Plaintiff next contends that the Committee did not compel production of original records but instead relied on secondary evidence in violation of Board Rules 185, 186 and 187. Rule 185 provides in part that the arbitrators shall be sworn to determine all disputes according to principles of equity and justice. In pertinent part, Rule 186 permits any defense to be made at arbitration which would be available in a court of *234law or equity. Rule 187 requires, inter alia, that an arbitration award be entered according to the laws of the land.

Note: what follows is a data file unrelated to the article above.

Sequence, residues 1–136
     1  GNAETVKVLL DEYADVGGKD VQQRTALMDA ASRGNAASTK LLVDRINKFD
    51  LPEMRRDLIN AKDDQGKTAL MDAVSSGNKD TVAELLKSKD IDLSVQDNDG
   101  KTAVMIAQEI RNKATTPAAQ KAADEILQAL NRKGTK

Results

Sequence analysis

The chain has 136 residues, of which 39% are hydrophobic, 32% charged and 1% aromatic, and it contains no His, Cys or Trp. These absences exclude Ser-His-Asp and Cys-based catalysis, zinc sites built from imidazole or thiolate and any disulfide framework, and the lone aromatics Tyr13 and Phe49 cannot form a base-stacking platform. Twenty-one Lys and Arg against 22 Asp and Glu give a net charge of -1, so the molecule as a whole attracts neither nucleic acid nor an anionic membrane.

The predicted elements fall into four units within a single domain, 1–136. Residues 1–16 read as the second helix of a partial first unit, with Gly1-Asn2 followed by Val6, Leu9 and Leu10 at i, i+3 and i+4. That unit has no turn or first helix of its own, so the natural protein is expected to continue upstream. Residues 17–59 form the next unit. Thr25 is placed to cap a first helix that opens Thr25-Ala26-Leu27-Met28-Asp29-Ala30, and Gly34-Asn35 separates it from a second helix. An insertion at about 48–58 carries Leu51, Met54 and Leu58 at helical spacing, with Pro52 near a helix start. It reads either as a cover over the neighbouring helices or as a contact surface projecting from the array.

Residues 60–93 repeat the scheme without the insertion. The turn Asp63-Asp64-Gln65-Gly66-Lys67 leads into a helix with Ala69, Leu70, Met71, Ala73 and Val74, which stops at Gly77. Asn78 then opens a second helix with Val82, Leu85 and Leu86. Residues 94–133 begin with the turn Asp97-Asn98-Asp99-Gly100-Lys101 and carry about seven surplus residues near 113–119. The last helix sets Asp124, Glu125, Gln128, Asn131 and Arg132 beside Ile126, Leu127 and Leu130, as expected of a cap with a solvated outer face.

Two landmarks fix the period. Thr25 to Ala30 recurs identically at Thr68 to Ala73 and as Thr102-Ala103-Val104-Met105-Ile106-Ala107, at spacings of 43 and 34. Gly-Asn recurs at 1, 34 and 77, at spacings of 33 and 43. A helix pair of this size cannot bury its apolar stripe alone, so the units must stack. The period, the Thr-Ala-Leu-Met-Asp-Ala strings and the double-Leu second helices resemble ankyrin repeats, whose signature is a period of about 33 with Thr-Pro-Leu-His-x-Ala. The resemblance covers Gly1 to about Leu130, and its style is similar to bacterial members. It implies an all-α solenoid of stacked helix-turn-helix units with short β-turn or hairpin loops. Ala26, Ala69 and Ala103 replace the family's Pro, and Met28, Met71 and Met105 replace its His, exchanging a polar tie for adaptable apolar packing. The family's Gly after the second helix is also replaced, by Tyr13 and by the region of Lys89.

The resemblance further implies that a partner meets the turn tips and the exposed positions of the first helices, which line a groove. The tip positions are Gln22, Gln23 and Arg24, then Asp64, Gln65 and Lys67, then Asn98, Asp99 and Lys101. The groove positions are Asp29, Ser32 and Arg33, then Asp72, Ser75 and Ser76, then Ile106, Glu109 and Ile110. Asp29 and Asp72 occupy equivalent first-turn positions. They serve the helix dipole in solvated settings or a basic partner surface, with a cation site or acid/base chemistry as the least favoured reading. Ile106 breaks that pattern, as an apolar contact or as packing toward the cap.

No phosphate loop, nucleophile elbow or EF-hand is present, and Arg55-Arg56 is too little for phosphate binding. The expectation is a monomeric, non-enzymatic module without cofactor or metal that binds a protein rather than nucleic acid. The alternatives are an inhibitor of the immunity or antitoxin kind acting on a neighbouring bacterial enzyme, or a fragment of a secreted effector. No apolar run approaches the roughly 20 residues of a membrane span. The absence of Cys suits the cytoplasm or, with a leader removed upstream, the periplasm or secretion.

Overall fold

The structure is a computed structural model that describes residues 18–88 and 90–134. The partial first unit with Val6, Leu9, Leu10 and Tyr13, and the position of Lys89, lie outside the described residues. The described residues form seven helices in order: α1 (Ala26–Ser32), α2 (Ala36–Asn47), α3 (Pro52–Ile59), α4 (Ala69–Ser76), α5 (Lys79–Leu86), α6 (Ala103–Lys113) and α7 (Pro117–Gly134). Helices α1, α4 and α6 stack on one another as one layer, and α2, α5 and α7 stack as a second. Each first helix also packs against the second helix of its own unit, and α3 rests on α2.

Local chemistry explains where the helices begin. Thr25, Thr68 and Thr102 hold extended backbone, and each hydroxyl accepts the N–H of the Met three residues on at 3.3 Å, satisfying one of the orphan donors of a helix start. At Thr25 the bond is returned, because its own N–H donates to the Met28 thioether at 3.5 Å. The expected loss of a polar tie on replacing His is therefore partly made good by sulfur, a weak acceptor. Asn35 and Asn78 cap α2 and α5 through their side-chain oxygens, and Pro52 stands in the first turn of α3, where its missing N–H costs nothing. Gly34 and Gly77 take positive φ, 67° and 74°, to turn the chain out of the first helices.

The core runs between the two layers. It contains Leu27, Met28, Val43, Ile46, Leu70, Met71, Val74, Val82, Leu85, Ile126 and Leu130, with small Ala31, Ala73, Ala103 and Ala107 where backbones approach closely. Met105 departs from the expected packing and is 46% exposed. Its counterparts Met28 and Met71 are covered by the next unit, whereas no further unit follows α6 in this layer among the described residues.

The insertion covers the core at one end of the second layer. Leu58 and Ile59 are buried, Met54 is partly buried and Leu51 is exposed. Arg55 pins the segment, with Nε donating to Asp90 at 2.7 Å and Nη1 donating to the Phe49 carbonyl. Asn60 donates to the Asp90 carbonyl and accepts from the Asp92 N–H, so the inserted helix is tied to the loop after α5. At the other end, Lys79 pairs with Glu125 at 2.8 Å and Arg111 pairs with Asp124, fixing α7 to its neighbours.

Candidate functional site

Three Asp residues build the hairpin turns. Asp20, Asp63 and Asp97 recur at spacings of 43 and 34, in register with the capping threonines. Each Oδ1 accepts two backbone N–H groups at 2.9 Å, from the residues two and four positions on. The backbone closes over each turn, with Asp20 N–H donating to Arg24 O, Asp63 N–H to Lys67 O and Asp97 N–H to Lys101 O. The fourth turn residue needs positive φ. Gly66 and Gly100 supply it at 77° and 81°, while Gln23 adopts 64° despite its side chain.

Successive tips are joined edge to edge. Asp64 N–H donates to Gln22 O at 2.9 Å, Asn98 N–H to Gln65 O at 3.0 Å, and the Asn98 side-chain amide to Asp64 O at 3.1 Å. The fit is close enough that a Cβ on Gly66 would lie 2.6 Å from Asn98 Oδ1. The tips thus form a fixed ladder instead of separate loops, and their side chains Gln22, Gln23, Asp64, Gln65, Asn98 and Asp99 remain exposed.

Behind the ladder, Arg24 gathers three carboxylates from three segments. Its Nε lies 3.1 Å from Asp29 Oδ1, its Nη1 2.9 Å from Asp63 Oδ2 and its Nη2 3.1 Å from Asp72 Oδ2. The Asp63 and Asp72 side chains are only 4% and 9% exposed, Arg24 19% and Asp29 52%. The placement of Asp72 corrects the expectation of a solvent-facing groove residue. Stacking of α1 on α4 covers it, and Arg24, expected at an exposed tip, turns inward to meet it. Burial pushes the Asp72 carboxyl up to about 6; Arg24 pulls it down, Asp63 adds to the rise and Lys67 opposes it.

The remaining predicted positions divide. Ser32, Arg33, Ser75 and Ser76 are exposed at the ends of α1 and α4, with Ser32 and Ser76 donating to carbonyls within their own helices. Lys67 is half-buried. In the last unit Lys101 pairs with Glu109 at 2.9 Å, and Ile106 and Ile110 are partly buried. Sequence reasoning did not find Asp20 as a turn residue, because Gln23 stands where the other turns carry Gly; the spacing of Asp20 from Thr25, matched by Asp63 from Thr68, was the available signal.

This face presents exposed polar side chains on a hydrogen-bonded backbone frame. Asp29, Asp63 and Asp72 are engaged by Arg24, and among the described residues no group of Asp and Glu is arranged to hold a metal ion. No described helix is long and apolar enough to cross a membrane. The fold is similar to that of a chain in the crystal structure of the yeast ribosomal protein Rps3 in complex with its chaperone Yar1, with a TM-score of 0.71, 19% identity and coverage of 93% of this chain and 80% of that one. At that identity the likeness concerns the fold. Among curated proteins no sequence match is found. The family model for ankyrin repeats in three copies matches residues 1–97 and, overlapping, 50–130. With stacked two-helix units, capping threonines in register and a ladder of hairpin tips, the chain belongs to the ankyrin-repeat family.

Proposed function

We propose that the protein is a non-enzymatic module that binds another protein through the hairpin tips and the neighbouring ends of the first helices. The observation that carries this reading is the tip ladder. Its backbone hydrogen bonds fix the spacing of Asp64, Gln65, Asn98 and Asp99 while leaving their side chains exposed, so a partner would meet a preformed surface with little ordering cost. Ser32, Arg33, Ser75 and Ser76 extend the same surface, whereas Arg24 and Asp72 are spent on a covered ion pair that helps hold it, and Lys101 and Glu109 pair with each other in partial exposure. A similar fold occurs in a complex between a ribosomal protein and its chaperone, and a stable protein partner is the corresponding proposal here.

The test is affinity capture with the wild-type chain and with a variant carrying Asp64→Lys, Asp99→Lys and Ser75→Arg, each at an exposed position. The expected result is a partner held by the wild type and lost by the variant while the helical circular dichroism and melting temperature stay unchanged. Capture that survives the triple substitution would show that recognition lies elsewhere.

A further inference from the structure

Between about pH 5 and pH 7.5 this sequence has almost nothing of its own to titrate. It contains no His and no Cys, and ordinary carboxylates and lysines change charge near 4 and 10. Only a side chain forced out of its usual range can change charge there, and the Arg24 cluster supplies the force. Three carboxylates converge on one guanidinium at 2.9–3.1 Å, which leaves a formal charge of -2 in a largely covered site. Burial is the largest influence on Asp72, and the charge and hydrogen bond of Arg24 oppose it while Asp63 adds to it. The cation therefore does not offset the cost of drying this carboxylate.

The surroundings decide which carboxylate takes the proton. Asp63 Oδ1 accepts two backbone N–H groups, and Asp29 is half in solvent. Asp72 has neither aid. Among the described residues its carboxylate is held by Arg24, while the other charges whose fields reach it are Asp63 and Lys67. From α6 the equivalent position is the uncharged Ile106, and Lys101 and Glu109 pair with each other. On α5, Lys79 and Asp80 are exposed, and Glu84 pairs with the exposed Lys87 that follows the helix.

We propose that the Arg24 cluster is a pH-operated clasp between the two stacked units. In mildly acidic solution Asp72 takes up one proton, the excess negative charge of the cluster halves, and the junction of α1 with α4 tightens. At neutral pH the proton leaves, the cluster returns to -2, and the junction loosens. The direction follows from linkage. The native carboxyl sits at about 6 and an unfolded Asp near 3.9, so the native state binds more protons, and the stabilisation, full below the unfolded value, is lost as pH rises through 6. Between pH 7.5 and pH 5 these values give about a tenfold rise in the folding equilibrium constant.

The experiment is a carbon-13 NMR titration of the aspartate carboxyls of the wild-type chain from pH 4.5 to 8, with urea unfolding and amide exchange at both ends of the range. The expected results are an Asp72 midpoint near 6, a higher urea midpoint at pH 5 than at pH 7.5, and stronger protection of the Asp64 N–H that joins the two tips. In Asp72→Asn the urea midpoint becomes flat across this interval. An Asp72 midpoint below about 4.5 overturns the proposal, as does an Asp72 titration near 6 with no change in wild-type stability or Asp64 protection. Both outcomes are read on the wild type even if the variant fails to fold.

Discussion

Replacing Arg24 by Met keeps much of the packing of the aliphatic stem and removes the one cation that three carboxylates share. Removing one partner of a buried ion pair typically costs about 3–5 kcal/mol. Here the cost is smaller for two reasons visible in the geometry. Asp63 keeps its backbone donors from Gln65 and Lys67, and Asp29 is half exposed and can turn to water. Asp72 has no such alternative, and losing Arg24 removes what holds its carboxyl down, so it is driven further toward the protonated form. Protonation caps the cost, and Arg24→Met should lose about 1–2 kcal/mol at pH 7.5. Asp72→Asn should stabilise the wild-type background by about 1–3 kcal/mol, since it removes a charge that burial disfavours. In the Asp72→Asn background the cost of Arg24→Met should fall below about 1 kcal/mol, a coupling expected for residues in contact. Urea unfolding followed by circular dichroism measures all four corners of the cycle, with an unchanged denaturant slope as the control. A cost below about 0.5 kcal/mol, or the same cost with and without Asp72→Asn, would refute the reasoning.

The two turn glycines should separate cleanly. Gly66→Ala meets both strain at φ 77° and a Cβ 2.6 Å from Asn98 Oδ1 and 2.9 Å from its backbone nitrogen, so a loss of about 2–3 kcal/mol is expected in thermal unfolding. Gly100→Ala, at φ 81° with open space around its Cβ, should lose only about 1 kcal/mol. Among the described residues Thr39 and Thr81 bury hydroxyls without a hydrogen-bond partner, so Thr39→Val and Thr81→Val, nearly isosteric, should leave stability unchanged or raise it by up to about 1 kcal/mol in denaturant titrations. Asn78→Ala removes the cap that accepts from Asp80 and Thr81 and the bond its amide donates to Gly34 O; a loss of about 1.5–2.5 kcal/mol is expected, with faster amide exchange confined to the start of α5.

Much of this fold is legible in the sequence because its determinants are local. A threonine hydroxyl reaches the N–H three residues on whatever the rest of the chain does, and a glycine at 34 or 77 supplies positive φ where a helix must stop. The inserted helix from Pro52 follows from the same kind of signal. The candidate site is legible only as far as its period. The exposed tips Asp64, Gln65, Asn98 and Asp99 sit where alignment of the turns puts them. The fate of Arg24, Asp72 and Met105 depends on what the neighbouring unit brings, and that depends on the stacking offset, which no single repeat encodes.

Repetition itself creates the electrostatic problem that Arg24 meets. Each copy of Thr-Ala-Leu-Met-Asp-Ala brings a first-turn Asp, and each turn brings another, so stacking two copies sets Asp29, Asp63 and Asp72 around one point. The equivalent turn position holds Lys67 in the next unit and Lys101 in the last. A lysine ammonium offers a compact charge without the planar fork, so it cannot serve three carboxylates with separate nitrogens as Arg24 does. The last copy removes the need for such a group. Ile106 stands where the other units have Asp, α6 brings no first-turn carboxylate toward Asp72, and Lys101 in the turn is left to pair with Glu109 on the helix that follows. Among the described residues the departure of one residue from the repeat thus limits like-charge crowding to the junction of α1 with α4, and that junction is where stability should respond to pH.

At the very commencement of the arbitration, the Committee directed that all records pertaining to plaintiff’s account from the inception thereof were to be made available for plaintiff’s examination for one week. The hearing was then adjourned for a week. There was additional comment regarding the records at the next session of the Committee. Plaintiff there stated that Morrison had produced ledger sheets and canceled checks but had not made all records available. Morrison took the position that plaintiff should be obliged to make demands for inspection of specific records but the Committee directed that all records be made available. From time to time thereafter there was considerable discussion before the Committee regarding production of each and all of the records such as all trading cards of every kind. Both plaintiff and defendant James J. Coughlin, a member of the Board of Trade, and an attorney who acted in Morrison’s behalf throughout the proceedings, had furnished letters to the Committee stating in detail their respective claims regarding production of the records. The Committee referred the problem to counsel for the Board of Trade.